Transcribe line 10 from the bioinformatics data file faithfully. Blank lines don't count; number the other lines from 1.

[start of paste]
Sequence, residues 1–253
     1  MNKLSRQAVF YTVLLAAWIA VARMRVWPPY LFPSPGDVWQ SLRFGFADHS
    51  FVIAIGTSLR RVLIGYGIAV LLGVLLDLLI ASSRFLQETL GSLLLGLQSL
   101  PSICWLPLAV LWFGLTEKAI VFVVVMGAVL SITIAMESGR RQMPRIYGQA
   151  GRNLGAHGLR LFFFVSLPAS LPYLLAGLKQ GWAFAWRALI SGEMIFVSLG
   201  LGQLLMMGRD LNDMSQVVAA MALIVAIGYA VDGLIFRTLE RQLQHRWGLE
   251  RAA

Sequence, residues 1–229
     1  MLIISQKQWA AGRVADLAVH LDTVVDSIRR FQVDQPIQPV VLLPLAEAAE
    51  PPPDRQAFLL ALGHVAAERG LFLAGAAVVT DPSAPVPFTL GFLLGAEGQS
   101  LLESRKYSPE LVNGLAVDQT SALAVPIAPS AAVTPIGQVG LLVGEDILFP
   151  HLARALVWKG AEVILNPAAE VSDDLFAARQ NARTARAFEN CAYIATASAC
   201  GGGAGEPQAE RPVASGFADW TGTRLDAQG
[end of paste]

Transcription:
    51  PPPDRQAFLL ALGHVAAERG LFLAGAAVVT DPSAPVPFTL GFLLGAEGQS